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  1. Such a shame… and it’s projects like this – https://ecori.org/2020-1-29-massive-solar-project-divides-north-smithfield/ that are partially to blame. Quote from article: Opponents have noted that the Whortleberry Hill ecosystem is on the Rhode Island Department of Environmental Management’s 2015 Wildlife Action Plan’s “conservation opportunity areas” map and is designated a regional “wildlife corridor” critical to animal migration and a “natural heritage area” that is home to state-listed species that are endangered or threatened. (end quote). We need more solutions – legal protections, resources, things like animal highways/crossings, as well as more wildlife education programs in schools.

  2. pods of hump back whales about 10 miles south of block island for the last two years during tuna season. there are more every year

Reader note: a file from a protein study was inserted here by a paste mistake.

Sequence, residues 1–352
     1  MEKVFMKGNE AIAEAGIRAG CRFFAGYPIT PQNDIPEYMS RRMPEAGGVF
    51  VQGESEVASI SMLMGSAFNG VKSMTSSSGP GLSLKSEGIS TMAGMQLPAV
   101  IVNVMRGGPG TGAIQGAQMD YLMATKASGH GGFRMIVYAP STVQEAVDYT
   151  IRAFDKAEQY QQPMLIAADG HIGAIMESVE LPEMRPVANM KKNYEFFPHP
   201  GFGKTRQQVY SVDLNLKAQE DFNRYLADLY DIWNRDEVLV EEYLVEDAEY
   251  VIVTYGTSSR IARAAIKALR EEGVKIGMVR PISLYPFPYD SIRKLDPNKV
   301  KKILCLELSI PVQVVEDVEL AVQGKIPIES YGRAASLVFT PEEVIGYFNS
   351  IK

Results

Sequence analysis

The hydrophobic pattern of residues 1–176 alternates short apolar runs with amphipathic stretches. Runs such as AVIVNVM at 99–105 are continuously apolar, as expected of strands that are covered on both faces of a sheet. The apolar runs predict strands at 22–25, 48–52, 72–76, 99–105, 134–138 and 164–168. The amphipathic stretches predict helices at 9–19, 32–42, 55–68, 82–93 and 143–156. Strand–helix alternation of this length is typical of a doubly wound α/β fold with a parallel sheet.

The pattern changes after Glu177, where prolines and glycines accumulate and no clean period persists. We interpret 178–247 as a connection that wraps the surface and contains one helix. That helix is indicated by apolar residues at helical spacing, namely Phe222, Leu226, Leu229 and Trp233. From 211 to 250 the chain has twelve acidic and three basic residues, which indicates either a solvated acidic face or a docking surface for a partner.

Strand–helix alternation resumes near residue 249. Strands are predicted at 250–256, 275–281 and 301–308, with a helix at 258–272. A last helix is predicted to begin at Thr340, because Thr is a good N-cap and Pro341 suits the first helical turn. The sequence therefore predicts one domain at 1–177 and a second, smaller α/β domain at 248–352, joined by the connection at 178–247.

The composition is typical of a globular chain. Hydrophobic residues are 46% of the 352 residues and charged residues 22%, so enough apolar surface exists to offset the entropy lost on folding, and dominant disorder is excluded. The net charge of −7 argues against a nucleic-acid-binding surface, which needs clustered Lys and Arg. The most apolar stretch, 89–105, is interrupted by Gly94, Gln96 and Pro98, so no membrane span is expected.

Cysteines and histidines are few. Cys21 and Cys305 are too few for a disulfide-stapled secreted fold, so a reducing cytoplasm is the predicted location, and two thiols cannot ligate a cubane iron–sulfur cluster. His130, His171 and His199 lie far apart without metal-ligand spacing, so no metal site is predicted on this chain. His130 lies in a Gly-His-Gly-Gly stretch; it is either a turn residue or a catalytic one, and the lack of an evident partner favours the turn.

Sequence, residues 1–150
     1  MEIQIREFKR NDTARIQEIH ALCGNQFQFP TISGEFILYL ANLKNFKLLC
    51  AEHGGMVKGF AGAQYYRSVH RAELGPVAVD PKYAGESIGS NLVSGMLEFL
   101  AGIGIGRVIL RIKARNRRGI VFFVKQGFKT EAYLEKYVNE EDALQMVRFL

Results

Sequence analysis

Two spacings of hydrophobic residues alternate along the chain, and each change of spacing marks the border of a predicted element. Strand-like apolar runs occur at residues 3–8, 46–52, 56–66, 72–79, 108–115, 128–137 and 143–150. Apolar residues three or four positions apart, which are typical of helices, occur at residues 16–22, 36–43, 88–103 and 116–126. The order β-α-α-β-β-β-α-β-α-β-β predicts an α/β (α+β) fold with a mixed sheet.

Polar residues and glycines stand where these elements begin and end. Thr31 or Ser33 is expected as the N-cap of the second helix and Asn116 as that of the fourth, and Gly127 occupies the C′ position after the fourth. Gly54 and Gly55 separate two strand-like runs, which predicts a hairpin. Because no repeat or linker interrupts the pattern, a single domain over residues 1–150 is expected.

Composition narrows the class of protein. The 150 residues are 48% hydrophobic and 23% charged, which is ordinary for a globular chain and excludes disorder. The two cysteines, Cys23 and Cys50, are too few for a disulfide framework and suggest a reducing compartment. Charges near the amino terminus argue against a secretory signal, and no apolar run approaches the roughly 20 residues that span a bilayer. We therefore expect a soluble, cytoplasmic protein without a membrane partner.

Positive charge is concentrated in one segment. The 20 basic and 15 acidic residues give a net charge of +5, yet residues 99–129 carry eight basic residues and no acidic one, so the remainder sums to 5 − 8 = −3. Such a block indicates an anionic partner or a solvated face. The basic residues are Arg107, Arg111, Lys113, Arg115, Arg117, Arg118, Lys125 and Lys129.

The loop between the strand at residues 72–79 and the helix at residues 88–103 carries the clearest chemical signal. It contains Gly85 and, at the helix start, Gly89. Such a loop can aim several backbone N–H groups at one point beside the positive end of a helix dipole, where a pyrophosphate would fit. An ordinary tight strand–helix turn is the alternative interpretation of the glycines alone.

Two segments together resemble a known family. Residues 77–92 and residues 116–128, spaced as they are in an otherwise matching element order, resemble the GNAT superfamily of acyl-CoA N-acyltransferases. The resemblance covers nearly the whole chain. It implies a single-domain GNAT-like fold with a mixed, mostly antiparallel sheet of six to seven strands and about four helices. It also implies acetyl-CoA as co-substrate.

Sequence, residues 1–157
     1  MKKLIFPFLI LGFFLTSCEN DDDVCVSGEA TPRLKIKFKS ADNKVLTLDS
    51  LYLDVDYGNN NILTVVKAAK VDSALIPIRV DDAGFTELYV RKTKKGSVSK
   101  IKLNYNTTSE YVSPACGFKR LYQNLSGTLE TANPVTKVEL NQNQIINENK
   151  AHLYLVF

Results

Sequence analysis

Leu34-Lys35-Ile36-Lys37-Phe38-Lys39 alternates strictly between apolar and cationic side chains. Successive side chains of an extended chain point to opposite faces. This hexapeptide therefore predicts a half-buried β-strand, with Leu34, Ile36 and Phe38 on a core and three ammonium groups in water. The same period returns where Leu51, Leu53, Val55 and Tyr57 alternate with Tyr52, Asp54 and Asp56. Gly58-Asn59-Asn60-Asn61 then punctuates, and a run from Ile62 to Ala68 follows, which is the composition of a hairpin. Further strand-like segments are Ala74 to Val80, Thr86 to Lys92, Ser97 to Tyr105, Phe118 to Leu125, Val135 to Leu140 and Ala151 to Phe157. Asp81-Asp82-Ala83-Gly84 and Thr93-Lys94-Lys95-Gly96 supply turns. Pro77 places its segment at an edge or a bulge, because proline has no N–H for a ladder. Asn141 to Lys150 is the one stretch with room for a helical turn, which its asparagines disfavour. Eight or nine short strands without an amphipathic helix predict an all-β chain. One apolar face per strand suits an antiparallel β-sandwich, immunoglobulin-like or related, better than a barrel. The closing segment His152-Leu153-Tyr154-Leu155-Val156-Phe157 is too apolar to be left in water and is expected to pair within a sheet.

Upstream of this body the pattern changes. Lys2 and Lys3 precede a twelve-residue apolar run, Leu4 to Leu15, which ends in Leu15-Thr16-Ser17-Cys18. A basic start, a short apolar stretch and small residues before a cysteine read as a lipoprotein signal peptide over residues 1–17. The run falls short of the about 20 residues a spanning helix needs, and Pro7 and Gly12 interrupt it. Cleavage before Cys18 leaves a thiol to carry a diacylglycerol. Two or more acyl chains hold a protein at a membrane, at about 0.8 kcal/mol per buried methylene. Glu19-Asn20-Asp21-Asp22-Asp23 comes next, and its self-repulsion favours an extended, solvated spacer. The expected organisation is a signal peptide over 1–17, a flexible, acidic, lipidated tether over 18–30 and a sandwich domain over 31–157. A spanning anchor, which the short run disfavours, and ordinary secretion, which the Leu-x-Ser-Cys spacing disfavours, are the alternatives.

3. It’s supposed to be called Department of Environmental Management but as evidenced by this article. They are under funded and undermanned and have fallen down on the job.
    A concerted effort needs to be done to identify all our threatened endangered and species of concern. That includes plants.
    A plan of action must be developed to insure the health and well-being of all these species.
    My philosophy has always been once a species is gone its gone firever.
    Every time a species meets its demise or is in decline is a failure on the part of the Department of Environmental Management.

  4. good reporting thanks. Seems wildlife in general including birds is struggling, climate change, solar “farms,” sprawl development, highways, light pollution, glass widows… are all taking a toll – and underlying a lot of that is our population growth – when I came to RI it was about 947,000 now its almost 1.1 million – adding 150,000 people to our small state, many of then not wanting to live in the older cities, has had a major impact